For example, it's not unusual for clients to request detailed activity reports, time sheets, daily status updates, and any other number of periodic administrative reporting activities -- because that is how they are used to managing internal projects. Most of these are a waste of your time and theirs, and you can often prove it merely by totaling the time required for paperwork and meetings and presenting that total not as a drain on productivity, but as additional overhead. Saying, "All this paperwork costs the team 10 hours a week each," is less impactful than saying, "The administrative overhead is costing you the equivalent of an extra team member; let's discuss what is truly necessary."
8. Honor your reputation
Your reputation and your company's reputation are primary assets. Respect that, and yourself, at all times. This includes not only what you take on but what you don't. Make no outrageous claims on your website or in private, make no discomforting promises. It is better to say no to a project and keep your reputation than it is to say yes and lose integrity.
The most common -- and seemingly benign -- mistake of this type can be vendor affiliations, which are a double-edge sword for your reputation. If you claim affiliation with a specific vendor's products, everything you say may be viewed as a sales pitch originating from the vendor. Morever, the waxing or waning of the vendor's reputation will reflect on you, for good or ill. People will also likely doubt your ability to deliver on jobs that don't use the vendor's products, and there will always be the underlying question of whether you are using the right tool for the job or settling for the best the vendor has to offer and ignoring better options.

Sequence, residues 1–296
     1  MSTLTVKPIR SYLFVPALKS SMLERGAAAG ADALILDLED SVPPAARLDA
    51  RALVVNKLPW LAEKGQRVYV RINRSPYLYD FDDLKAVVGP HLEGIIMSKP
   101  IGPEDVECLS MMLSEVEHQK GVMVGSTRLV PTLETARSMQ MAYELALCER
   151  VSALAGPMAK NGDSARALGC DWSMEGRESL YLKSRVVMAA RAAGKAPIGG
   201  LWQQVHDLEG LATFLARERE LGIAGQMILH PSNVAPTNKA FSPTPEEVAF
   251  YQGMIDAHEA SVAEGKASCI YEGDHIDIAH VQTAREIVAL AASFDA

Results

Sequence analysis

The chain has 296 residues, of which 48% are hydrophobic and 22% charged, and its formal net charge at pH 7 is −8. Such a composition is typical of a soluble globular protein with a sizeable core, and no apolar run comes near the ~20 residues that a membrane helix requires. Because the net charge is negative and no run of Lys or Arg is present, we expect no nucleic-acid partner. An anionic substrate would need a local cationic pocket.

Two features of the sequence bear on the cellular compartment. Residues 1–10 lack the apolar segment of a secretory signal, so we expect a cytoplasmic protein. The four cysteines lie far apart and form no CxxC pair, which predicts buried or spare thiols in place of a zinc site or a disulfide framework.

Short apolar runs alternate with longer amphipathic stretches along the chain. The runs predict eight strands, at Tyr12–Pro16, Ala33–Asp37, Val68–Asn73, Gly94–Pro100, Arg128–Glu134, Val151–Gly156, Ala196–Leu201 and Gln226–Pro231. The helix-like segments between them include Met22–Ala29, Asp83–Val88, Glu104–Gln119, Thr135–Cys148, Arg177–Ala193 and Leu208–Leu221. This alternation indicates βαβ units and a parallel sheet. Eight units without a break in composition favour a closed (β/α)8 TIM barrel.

9. Believe in the truth
Speak the truth as you see it, even when the client does not want to hear it. Truth should not be a hammer; it should be a window.
No one wants to hear bad news, let alone bad news that is the result of their actions. But sometimes, you have to deliver the bad news anyway.
Remember that it is not your place to shield clients from unpleasant facts. Simply present the information in a neutral fashion without your interpretation or conclusions, and let the client draw their own conclusions. It is far better to say, "There is an issue with Invoice vs. Quote discrepancies caused by unexpected charges," than it is to say, "The VP is altering invoices to favor his friends and punish his enemies." The former is a presentation of facts, while the latter is a conclusion and accusation.
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